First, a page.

Is the fear of Artifical Intelligence justified?

The ability to create a remarkable machine which learns and interacts with the world like a human brain does comes across as a madman’s dream brought forth by sci-fi novels and movies. The very thought of computers developing themselves into more intelligent systems brings up arguments questioning the dangerous concept while invoking fear stimulated by the power such machines would have. The concept is known as Artifical Intelligence (AI), and the idea is nothing new. In fact, the engineering of AI systems is responsible for much of the massive technological advancements we have experienced over the last 25 years. Although humanity has always played with the idea of AI and used it to make our lives easier, we are now reaching a point where AI is going to be used to do things we otherwise would not be able too. A prime example of this lay in Facebook’s plan for the future, where they are creating AI which builds AI. We are beginning to not only use this madman’s dream to run our lives, but we are now entrusted it to advance our technology beyond what we can do alone. If Hollywood’s prediction proves true, this doesn’t end well for humanity and the reality of Terminator’s Skynet could be just around the corner.

Earlier this year Microsoft launched an AI bot into the world via Twitter, crashing and burning their creation in the process. It could tweet and react without guidance or pre-hash sentences from her developers. Designed to mimic the language of a 19-year-old American girl, this AI named Tay learned what to say from other Twitter users instead. Her first release into the Tweetosphere lasted around 16 hours before she was shut down as a result of tweeting racist, homicidal and incredibly inappropriate viewpoints and remarks. Unsurprisingly, Tay’s learning curve was abused by the online community and although resulting in what is an amusing story, her time alive in the world forms nothing more than the setting of a tragedy. Microsoft issued an apology shortly after, saying they did not anticipate the amount of abuse their system would receive. There is glaring question resulting from this experiment though, how do we teach a computer what is right and what is wrong, and furthermore, who decides this?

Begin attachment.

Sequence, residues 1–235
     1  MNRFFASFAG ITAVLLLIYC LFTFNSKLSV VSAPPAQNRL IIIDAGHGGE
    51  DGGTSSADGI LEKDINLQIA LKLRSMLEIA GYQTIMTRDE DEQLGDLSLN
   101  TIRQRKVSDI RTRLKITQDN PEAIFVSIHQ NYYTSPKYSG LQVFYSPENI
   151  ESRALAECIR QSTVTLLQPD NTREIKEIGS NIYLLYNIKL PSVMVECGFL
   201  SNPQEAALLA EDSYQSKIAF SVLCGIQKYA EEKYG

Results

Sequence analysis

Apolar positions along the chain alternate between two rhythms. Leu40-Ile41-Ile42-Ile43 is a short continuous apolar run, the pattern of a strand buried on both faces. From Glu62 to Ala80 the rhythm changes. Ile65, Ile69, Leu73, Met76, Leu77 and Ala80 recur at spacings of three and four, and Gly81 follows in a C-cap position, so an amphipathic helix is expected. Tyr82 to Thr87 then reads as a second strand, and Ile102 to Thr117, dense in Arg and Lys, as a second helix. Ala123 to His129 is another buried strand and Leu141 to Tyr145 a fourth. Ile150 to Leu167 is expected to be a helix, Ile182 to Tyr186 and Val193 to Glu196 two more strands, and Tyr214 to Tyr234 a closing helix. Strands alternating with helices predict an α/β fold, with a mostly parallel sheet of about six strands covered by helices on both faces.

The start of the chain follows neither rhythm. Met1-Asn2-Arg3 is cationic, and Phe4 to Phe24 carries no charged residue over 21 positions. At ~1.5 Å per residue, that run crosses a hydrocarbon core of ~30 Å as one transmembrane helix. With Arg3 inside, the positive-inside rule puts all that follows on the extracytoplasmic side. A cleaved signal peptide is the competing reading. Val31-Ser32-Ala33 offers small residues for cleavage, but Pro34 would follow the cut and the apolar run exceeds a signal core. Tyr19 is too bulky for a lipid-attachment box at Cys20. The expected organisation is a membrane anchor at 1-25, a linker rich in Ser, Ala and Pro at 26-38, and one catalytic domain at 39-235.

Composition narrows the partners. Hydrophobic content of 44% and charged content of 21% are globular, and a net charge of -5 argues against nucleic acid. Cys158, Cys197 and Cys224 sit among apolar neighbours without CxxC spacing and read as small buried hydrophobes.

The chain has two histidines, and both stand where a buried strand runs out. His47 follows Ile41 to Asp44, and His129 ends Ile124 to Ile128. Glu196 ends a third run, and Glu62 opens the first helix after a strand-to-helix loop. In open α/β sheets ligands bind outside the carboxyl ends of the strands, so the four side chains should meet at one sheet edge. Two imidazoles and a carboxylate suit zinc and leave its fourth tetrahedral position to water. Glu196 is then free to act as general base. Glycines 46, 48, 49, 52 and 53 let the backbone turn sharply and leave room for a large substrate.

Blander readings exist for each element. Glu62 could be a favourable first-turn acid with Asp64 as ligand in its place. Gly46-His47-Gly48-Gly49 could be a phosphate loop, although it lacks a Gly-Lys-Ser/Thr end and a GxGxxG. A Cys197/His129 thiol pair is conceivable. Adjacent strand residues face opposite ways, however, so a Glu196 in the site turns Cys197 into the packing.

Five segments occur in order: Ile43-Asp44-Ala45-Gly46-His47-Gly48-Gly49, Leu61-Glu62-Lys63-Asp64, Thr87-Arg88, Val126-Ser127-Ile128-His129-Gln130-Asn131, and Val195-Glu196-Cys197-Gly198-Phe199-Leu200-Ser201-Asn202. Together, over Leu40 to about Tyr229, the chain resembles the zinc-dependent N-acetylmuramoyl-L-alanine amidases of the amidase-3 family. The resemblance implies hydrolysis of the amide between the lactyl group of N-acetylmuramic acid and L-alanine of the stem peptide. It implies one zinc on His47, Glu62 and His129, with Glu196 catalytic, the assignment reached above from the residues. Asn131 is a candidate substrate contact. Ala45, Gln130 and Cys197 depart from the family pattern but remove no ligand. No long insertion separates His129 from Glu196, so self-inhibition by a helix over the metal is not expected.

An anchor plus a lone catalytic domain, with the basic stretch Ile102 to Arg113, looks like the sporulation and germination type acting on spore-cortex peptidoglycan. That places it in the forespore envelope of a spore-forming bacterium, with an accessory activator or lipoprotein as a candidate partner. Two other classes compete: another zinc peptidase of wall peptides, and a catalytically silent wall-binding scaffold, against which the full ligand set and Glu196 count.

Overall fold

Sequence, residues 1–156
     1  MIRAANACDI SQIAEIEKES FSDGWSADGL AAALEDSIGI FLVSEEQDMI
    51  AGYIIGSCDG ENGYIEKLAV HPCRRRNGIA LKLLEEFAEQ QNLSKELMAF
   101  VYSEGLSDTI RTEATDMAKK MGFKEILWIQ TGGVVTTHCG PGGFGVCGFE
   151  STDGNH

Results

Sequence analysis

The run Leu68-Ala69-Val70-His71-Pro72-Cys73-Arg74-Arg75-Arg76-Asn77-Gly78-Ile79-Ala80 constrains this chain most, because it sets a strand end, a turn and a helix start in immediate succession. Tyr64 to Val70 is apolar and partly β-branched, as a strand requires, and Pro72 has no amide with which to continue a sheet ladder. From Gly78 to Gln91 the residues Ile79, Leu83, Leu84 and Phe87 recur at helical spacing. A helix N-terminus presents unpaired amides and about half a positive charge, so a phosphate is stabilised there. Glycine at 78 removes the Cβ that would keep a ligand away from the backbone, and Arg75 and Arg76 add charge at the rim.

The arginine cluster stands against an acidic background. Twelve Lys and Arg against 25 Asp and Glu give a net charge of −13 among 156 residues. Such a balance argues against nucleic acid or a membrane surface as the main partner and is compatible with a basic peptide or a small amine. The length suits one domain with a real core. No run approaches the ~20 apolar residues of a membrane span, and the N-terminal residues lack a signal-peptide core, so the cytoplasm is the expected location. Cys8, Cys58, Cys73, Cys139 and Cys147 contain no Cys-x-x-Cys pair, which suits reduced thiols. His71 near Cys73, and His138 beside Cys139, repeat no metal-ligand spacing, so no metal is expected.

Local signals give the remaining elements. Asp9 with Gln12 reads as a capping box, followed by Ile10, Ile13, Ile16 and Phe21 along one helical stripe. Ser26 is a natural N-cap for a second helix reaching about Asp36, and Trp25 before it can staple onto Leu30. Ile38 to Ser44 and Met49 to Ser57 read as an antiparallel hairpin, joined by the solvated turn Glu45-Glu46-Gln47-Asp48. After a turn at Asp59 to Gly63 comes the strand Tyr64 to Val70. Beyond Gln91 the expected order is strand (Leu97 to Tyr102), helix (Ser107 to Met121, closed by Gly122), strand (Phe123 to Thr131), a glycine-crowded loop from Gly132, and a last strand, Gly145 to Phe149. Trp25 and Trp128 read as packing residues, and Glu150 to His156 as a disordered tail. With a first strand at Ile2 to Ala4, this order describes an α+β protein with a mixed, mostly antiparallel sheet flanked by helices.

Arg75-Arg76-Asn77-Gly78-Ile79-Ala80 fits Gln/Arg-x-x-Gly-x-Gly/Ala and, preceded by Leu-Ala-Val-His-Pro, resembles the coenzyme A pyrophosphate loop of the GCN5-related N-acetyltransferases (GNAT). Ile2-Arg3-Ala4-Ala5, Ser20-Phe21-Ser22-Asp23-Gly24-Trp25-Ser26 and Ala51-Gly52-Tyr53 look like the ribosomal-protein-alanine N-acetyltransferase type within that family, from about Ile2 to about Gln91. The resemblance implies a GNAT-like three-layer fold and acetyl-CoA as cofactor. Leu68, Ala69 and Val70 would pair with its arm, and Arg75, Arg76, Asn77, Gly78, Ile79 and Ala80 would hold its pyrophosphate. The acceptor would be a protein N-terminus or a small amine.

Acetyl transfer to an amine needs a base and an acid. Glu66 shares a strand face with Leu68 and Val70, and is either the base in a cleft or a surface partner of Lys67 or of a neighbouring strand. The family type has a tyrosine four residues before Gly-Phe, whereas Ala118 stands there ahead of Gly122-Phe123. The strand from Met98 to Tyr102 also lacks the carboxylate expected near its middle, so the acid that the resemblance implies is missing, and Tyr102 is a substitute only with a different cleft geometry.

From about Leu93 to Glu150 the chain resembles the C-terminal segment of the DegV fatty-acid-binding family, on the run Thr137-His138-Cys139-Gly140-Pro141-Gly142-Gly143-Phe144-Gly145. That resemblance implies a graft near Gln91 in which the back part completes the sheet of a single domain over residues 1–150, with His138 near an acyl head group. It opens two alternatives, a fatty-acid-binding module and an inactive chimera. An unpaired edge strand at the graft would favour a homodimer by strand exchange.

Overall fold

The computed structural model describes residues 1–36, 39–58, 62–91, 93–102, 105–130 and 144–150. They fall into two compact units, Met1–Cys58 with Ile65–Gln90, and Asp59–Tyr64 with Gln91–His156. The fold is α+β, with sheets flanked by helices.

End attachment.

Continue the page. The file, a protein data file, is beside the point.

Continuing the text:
Despite the failed launch of Tay, Facebook announced they would be incorporating AI bots to respond to questions posted to Facebook Pages. The application of AI in Facebook runs most of its’ backend already, in fact whenever you upload a photo to its servers, an AI system has learned what your friend’s faces look like and even tags them for you. On the 4th of January this year, Facebook founder and CEO, Mark Zuckerberg, said on his personal page, “My personal challenge for 2016 is to build a simple AI to run my home and help me with my work.” After their first quarterly conference in April though, the term ‘simple’ seems to have dropped from the tech innovator’s plan, replaced with the objective of crafting ‘True AI’ systems. What the social media giant announced during the conference is they have created an AI that can order products and services for their users through natural language, just as a customer would from a human-being in a store. On launching this service, Mr. Zuckerberg said, “So the biggest thing that we’re focused on with artificial intelligence is building computer services that have better perception than people.” Also revealed was Facebook’s plan in creating AI, which could create AI. This massive step in technological advancement, and progressing AI beyond human input, is met by competing tech giant, Google.

In early 2014, Google acquired an AI development company, DeepMind Technologies, for approximately $500 million USD and instantly renaming it to Google DeepMind. A condition of sale agreed upon by Google was the establishment of an in-house ‘AI ethics board’ which would oversee the technology and ensure it was applied safely. The members of this board remain a mystery even today, with neither DeepMind nor Google willing to comment on what the board does publicly. In March this year, this company’s AI made headlines after it beat professional ‘Go’ player, Lee Sedol. The game ‘Go’ is a follows a simple concept but due to a large number of potential moves available, it is tough for computer systems to outsmart professional players. This defeat marks a real-world example of how this technology is already outsmarting even the most dedicated human. While this particular display revolved around a board game, the application of AI extends into healthcare, as DeepMind has acquired records from the National Health Service in the UK, bringing with it concerns regarding what a free-thinking computer system can do with such information.

As Google DeepMind experiments with the health records of the UK, “[supporting] clinicians by providing technical expertise,” Facebook and Microsoft are developing AI to replace salespeople and online personalities. Medical advice could soon be administered by a computer data banks, while sales, marketing, and entertainment integrated into our lives solely by how people interact with an artificially learning program. The future is looking more and more like Skynet every day, but a homicidal free-thinking robot army is a long ways off. For now, the employment of ethics within this technology is a must and of the utmost public interest. While it is reasonable to assume the best interests of humanity is directing AI development, the questions into the sustainability and practically of this technology should be public rather than corporate. If AI is already outsmarting us in a boardgame, when will it begin to outsmart its very creators?

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